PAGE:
was founded in 1656 by Patriarch Nikon who saw it as the centre of the Orthodox world. Some buildings of the monastery resemble buildings in the Holy Land, and the main cathedral is analogous to the Church of the Holy Sepulchre in Jerusalem.
In 1919, the monastery was closed and transformed into the New Jerusalem museum.
During the three-week Nazi occupation in 1941, the museum was ransacked, the monastery buildings blown up, the tower and belfry destroyed, and the cathedral seriously damaged.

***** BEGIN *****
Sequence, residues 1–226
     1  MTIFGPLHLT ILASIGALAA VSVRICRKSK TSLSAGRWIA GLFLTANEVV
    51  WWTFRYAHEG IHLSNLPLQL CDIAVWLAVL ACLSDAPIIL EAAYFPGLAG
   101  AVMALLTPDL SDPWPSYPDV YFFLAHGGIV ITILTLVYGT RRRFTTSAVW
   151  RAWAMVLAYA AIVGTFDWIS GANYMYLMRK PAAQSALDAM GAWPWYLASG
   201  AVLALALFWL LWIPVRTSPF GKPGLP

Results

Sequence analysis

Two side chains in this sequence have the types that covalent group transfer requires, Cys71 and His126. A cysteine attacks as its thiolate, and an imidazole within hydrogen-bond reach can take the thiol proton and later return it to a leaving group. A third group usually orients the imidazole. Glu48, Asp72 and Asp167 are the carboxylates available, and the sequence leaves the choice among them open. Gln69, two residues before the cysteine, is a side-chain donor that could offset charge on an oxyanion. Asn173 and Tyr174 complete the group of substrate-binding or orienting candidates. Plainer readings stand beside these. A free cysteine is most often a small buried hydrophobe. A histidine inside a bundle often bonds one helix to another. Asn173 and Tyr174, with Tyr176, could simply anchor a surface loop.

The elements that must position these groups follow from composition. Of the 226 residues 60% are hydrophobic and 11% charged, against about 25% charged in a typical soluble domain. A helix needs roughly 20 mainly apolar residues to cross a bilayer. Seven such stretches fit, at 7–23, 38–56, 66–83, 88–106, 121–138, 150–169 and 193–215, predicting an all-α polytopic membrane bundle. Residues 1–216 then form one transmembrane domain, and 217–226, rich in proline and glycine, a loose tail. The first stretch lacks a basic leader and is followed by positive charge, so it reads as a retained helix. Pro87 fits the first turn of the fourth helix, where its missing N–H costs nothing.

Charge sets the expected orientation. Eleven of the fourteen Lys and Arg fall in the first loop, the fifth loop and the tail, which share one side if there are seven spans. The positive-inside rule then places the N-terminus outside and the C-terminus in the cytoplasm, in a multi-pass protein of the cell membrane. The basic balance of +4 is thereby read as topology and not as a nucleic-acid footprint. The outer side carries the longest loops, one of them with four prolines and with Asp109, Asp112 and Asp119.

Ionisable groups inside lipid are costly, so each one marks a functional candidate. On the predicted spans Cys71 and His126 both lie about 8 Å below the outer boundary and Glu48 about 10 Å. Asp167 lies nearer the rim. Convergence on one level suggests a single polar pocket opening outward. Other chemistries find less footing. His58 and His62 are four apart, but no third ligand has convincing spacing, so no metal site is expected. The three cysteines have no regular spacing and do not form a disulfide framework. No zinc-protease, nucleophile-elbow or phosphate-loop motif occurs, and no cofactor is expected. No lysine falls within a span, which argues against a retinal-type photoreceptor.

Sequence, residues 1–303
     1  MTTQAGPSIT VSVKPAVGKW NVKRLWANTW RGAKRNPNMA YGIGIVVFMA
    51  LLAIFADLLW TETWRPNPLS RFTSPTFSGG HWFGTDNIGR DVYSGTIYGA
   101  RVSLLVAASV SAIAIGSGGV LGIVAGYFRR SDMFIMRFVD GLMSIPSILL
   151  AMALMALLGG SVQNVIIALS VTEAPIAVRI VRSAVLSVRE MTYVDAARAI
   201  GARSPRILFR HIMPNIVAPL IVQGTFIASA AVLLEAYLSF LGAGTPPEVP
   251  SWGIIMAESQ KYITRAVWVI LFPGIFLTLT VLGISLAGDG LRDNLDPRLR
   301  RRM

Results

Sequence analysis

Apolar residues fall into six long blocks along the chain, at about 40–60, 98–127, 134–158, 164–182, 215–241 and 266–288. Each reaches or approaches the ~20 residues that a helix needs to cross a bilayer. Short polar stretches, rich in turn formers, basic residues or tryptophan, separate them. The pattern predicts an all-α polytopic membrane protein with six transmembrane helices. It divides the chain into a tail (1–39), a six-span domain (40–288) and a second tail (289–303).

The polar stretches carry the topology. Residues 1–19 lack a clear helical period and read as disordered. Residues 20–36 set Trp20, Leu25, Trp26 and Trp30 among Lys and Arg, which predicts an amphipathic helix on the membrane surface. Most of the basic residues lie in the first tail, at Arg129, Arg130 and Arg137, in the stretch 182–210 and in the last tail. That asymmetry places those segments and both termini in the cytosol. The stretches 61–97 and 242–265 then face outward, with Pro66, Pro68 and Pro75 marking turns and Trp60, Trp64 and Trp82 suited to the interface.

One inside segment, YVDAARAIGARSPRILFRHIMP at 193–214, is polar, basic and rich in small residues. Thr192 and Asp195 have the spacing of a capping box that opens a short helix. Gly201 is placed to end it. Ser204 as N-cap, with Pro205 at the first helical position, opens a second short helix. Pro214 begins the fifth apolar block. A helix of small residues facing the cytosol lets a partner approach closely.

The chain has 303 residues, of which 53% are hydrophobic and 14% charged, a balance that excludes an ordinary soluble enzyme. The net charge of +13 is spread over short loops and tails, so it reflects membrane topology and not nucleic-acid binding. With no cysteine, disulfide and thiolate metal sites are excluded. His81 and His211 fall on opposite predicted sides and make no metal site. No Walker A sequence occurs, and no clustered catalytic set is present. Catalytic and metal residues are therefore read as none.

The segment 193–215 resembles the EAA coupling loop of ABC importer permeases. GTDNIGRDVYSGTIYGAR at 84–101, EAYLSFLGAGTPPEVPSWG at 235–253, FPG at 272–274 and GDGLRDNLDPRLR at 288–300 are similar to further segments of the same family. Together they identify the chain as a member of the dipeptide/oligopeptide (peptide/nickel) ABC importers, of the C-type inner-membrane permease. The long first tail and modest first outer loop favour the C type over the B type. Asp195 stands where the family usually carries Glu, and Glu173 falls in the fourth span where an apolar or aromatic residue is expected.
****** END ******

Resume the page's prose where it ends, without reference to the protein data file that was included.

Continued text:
Restoration of the monastery began after the Great Patriotic War, with particularly intensive work taking place in the 1960s through the 1980s.
In 1994, the transfer of the monastery facilities to the Russian Orthodox Church was initiated. In 2008, the Charity Fund for Reconstruction of the Voskresensky New Jerusalem Stauropegial Friary Monastery of the Russian Orthodox Church was established.